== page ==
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Figure 1 - A powered air-purifying welding respirator provides breathable air directly to the welding helmet.

Figure 2 - The Fronius unit has a belt pack containing a filter and a battery, and an auto-darkening welding helmet.

Figure 3 - The 3M PAPR welding respirator unit includes a belt unit and an auto-dark welding helmet.

Figure 4 - The nickel-metal hydride battery can be removed for recharging or replacing.

Figure 5 - The magenta-colored band on the filter indicates the high-efficiency particulate air classification.

Figure 6 - The red light in the center, and an audible beep alarm, indicate that the filter is full and requires changing.

Figure 7 - Welding respirators normally are spark resistant and contain a layer that traps nuisance vapors and ozone.

Figure 8 - A HEPA particulate filter contains several thick absorbent layers to trap particulates.

POWERED AIR-PURIFYING WELDING RESPIRATOR

Wearing an air-purifying respirator under a welding helmet can sometimes be uncomfortable. For technicians with facial hair, it is also ineffective. One option is a supplied-air welding helmet system. Another option is a powered air-purifying respirator (PAPR) unit (see Figure 1). These systems not only protect against the welding fumes, but provide flowing, breathable air for more comfortable welding.

The Fronius® unit shown in Figure 2 features an auto-darkening welding helmet and a belt pack containing a nickel-metal hydride battery and an air-purifying filter. Filtered air is pumped into the helmet.

The unit shown in Figure 3 from 3M® has similar features. In addition, there is a loading indicator on the particulate filter. The Adflo® welding PAPR is powered by a rechargeable, removable nickel-metal hydride battery from the belt unit (see Figure 4). A low battery charge is indicated by a visual and audible alarm. The air-purifying filter is a high-efficiency particulate air (HEPA) filter, characterized by the required magenta color (see Figure 5). The filter-loading indicator is also both an audible and visual alarm on top of the belt unit. Outer light-emitting diodes (LED) light up green until the filter requires changing, when the red LEDs light up and the alarm sounds (see Figure 6). In normal operation, the fan in the belt unit sends filtered air to the welding helmet.

The PAPR unit can be used for more than welding. A clear helmet lens is available, allowing the same unit to be used for operations such as grinding or sanding.

Welding Respirator Requirement Clarification

There is some confusion in the industry regarding the requirements for respiratory protection when GMA (MIG) welding. Fumes from welding are made up of microscopic particles, or particulates, so a particulate respirator is required for protection. The National Institute for Occupational Safety and Health (NIOSH) classifies particulate respirators as non-oil resistant (N), oil resistant (R), oil proof (P), and percent of efficiency (95, 99, or 100). The minimum particulate respirator classification for most collision repair welding operations is the lowest rated respirator, N95, with non-oil resistant filters and a 95% efficiency rating. An N95 particulate respirator will protect against fumes when welding uncoated or zinc-coated steel and aluminum alloys. An N95-rated respirator will also protect against the manganese in many welding electrodes. Manganese fume has been linked to the development of Parkinson’s disease. Welding-specific respirators are rated at N95. Many dust masks are also rated at N95, but welding respirators have a spark-resistant outer layer to make them more appropriate for the task. Some also feature an activated carbon inner layer to absorb nuisance vapors and ozone when welding (see Figure 7).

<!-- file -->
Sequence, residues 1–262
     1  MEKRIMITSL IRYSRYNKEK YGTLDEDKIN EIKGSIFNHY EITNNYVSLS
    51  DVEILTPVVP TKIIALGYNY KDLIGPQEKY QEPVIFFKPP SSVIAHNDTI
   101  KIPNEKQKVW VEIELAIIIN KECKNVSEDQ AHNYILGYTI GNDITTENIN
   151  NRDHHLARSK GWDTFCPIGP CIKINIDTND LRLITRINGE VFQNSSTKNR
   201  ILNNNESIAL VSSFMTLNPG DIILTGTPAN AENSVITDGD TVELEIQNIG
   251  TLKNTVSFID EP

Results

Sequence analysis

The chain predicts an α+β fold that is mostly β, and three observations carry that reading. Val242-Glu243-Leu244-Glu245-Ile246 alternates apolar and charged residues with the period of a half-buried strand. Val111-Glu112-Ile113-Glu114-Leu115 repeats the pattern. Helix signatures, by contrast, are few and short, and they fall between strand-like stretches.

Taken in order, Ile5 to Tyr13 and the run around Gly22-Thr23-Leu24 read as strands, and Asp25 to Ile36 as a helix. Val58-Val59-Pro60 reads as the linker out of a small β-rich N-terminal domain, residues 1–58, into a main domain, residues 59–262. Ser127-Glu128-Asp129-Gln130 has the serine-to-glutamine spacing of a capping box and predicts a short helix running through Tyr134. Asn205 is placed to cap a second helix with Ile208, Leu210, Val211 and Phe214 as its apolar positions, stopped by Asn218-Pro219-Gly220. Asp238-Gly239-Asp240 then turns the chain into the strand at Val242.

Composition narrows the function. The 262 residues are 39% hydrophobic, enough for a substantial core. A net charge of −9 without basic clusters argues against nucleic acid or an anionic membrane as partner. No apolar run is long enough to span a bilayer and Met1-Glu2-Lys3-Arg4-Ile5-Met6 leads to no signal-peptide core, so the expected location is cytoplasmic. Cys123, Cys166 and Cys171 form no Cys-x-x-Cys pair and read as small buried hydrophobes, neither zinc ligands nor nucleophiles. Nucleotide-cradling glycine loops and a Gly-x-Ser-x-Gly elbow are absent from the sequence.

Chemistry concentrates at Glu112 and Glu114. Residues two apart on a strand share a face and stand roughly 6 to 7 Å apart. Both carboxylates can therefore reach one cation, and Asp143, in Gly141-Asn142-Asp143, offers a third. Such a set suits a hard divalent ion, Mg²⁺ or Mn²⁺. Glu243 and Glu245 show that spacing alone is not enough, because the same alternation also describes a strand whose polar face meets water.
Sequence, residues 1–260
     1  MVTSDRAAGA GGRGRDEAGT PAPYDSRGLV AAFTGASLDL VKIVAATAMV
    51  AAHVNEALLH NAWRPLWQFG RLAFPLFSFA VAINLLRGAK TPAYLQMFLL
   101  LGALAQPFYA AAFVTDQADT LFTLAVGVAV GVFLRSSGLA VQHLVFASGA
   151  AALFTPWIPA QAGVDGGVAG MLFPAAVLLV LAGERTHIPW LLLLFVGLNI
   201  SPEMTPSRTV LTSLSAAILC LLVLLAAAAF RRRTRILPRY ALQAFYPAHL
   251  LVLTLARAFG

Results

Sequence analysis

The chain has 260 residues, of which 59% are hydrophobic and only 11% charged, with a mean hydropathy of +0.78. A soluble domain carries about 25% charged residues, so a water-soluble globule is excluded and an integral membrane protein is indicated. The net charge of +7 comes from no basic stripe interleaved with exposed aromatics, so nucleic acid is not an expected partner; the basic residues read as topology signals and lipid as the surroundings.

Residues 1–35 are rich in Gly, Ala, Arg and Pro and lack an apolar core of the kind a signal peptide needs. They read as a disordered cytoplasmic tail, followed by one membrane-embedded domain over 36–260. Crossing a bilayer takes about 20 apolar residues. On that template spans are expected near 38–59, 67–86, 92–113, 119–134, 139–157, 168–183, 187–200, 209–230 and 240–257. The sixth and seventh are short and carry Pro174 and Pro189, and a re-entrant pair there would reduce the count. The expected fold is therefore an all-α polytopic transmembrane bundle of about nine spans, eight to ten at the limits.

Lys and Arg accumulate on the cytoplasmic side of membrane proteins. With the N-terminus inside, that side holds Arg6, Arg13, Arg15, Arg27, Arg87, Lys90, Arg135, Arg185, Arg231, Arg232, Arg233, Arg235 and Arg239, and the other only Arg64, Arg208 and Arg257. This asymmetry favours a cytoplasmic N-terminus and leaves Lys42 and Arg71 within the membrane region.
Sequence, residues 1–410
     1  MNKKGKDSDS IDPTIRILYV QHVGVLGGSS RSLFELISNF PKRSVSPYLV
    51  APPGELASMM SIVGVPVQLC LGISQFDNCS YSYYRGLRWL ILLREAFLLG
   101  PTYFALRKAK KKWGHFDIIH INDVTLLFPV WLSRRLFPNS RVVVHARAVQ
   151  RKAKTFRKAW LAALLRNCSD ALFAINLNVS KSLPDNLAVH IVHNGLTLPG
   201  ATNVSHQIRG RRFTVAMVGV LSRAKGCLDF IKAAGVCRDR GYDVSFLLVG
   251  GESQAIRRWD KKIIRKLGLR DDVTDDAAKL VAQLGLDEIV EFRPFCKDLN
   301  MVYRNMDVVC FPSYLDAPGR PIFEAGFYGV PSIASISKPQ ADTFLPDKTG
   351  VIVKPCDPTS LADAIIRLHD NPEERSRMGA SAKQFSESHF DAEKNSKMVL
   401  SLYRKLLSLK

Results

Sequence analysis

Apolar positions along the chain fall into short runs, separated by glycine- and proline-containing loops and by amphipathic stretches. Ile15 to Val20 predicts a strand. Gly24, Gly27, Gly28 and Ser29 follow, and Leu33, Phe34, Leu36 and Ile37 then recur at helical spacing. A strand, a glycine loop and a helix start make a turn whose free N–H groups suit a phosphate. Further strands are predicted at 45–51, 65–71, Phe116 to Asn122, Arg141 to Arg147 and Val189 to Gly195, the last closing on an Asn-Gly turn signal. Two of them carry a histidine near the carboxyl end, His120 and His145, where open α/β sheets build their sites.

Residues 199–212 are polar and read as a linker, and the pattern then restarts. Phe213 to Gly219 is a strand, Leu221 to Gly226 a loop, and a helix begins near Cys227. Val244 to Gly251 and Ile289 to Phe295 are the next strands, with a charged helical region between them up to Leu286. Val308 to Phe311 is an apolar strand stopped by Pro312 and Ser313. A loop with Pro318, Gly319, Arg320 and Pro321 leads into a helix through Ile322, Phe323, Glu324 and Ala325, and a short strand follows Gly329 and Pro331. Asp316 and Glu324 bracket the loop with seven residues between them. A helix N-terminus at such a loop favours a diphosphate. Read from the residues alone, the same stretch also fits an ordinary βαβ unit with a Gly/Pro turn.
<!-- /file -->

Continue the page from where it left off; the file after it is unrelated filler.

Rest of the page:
Of course, a higher-rated particulate respirator, such as a HEPA filter, will also protect against welding fumes (see Figure 8). A vapor air-purifying respirator, which has an activated charcoal cartridge, can be used if there’s nothing else available at the time, provided that there is a pre-filter over the cartridge. The pre-filter is rated at N95. Often, however, it’s difficult to fit a vapor air-purifying respirator under a welding helmet.

Conclusion

Collision repair technicians with facial hair or who are bothered by wearing a respirator under a welding helmet now have another option, a portable, powered air-purifying unit that provides filtered air to an auto-darkening welding helmet. A special feature of the unit available from 3M is a loading indicator for the particulate filter.

For comments or suggestions on the Advantage Online, please contact I-CAR Senior Instructional Designer Bob Jansen at bob.jansen@i-car.com.

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